Parenting in French

5 French Parenting Techniques

Schedule Some Family Time

It’s important to spend some quality time with your kids, especially when they’re young. But, it can be hard to find the chance if both parents work full time. One solution is to schedule family time into the week, so that everyone knows when they can relax and enjoy each other’s company.

For example, have a family dinner every day during the week, where the whole family puts the screens away and focuses on one another. Or, per French tradition, invite your extended family over for a Sunday lunch.

Serve Your Child Some Real Food

The French tend to serve their children smaller portions of the same food that they’re eating. So, if the adults are having roast chicken, veggies, and potatoes, the kids will eat those same things – just in smaller quantities.

This approach has several benefits. For one, it helps kids learn to appreciate different types of foods and tastes. And, secondly, it prevents them from developing bad eating habits, like always needing sweets or processed snacks.

Parenting in French

Allow Your Kid to do Difficult Things by Themselves

In France, it’s common for kids to walk or ride their bikes to school by themselves – even when they’re very young. This might sound dangerous to parents who are used to driving their kids everywhere. But, in France, it’s seen as an important part of growing up.

French parents teach their children to be independent from a young age. For example, kids are encouraged to dress themselves, brush their own teeth, and tidy up their toys.

Allowing your kids to do things by themselves – even when it’s hard – helps them develop a sense of independence and confidence. So, don’t be afraid to let your kid walk to the park alone or ride their bike to a friend’s house – of course, after a certain age.

Teach Them Polite Manners

In France, good manners are very important. That’s why parents make sure to teach their kids how to behave in polite company.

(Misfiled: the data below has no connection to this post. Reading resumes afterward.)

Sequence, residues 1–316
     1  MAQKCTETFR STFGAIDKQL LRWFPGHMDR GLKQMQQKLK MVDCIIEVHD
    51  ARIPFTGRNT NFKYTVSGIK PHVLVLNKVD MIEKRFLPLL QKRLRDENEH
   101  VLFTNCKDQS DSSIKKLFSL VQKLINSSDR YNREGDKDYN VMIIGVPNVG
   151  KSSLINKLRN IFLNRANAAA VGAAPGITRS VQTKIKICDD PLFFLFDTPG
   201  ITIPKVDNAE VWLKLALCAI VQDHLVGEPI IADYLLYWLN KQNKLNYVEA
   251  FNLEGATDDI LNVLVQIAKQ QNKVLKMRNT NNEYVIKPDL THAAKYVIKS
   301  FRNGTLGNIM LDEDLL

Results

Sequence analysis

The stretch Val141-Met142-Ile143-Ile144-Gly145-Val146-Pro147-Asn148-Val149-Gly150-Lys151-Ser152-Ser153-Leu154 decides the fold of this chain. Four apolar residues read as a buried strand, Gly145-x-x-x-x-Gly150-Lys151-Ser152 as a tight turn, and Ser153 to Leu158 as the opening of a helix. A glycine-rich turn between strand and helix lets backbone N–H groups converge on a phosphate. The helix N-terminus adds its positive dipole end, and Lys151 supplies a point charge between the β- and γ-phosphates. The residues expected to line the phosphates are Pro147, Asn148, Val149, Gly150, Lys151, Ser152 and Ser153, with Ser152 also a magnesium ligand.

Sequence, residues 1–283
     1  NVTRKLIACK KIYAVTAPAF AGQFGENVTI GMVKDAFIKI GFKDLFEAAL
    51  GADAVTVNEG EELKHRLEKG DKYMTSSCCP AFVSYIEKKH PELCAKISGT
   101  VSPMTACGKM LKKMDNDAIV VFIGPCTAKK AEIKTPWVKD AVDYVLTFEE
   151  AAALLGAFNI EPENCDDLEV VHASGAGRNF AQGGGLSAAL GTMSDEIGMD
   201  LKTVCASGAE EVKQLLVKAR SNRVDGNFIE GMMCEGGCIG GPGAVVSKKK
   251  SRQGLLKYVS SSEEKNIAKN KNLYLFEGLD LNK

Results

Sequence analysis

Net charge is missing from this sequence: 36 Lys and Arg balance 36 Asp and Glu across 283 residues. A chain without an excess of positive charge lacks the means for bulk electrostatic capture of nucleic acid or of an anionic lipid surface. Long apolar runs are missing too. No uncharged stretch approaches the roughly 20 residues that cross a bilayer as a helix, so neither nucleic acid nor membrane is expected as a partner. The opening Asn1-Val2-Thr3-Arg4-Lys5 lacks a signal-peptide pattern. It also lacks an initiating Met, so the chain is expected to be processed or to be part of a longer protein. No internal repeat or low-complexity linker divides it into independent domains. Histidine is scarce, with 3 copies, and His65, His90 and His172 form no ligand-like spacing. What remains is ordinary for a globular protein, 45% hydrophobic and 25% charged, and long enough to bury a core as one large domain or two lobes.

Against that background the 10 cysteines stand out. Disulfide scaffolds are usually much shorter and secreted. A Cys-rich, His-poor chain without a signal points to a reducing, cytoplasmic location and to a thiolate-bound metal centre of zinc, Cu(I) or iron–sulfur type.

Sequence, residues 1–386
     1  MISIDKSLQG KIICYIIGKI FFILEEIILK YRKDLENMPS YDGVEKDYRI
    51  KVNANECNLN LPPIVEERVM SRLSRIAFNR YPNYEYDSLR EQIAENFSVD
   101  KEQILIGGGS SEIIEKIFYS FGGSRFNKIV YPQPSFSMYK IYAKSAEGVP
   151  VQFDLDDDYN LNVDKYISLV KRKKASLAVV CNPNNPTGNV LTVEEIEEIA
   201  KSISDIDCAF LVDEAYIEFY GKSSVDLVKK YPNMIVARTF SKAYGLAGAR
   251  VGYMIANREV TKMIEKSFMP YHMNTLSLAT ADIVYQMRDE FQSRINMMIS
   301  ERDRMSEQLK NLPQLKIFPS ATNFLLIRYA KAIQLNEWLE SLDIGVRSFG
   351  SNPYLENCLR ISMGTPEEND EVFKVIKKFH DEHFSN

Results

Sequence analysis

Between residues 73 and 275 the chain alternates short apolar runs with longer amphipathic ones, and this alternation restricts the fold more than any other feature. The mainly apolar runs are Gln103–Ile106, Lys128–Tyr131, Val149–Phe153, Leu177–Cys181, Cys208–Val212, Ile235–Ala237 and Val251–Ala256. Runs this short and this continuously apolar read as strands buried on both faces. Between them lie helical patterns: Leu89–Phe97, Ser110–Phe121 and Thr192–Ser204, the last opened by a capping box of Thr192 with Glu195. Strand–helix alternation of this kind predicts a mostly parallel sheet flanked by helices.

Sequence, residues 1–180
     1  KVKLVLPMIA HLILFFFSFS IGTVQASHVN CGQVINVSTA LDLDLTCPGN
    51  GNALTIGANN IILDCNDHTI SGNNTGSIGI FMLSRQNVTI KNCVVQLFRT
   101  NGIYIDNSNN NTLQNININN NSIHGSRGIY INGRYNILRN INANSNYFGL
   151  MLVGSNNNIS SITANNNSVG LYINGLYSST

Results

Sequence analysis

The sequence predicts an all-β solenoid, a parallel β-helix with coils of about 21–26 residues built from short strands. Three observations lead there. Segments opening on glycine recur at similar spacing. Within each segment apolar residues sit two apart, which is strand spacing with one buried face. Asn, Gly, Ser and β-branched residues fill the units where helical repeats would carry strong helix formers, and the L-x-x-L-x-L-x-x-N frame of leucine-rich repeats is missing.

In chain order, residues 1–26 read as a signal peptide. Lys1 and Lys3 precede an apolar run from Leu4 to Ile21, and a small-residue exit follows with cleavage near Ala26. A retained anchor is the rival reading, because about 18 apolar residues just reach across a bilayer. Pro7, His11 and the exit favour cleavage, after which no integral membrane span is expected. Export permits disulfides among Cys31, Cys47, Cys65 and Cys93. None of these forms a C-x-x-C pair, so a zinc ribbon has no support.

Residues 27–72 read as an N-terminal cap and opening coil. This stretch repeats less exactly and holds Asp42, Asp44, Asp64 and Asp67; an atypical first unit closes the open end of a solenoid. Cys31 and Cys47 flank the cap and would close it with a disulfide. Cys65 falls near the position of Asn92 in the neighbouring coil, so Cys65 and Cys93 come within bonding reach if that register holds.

For example, French children are taught to say “hello” and “goodbye” when they see someone, as well as say “please” and “thank you.” Of course, every family is different. But in general, French parents expect their kids to mind their manners and behave well in public.

Let Them Experience Reasonable Hurts and Frustration

It’s normal for kids to experience some frustration and disappointment in life. And, in France, parents don’t try to protect their children from these negative emotions. Instead, they teach their kids how to deal with them in a healthy way.

For example, if a child doesn’t get the toy they wanted, the parent might say something like, “I’m sorry you’re feeling disappointed. Let’s see if we can find something else that you like.”

In other words, French parents allow their kids to experience negative emotions – but they also help them understand and cope with those emotions in a positive way.

Bottom Line

Parenting in a foreign language can be a daunting task, but with a little effort, you can raise bilingual children without too much trouble. Start by pointing out things in French when you're out and about. Then, start teaching simple words and phrases that will help your child get around while they are still learning the language.

And, of course, consider implementing some French parenting techniques in your life if you want your child to be brought up as a real French person. Remember, though, that every family is different – find what works best for you, and go from there.

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Beata Hardzei

Beata Hardzei loves languages and shares this passion through her writing. Speaking English, Polish, Russian, and French, she explores the nuances of foreign languages, aiming to make learning feel more like a journey than a task. Beata's background as a teacher and translator enriches her insights, helping you see language learning as an accessible, enriching experience.